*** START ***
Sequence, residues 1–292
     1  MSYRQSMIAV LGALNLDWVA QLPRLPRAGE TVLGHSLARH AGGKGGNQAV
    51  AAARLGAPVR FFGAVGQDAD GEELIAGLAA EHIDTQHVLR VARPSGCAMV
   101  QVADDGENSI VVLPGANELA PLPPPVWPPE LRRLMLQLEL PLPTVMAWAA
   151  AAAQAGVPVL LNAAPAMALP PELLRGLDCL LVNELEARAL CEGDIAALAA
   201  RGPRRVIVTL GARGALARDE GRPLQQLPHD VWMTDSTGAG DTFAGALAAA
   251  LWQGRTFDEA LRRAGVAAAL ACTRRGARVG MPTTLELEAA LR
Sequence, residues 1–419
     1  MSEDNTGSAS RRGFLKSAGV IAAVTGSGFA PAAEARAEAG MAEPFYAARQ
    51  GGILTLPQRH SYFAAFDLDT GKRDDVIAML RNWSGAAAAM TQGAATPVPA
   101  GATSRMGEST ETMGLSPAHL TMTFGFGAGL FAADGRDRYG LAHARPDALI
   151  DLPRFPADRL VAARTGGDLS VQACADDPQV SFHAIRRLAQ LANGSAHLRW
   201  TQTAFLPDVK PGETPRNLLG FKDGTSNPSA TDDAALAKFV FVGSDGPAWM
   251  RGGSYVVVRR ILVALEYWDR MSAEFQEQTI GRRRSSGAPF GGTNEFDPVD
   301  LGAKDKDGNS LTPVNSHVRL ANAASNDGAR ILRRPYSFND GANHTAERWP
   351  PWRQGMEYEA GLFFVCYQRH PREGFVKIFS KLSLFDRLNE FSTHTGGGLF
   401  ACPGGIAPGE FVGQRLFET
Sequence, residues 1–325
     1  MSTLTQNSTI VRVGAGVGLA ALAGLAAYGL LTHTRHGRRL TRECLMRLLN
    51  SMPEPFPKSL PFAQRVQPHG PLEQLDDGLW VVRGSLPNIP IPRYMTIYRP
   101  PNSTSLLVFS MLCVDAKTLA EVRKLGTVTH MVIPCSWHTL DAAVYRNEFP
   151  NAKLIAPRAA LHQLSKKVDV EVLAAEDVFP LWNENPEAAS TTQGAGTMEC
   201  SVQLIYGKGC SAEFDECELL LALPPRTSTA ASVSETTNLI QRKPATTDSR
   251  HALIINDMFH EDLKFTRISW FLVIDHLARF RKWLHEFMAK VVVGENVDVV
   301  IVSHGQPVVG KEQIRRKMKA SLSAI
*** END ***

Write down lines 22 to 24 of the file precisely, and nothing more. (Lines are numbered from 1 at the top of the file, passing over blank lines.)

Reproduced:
   151  NAKLIAPRAA LHQLSKKVDV EVLAAEDVFP LWNENPEAAS TTQGAGTMEC
   201  SVQLIYGKGC SAEFDECELL LALPPRTSTA ASVSETTNLI QRKPATTDSR
   251  HALIINDMFH EDLKFTRISW FLVIDHLARF RKWLHEFMAK VVVGENVDVV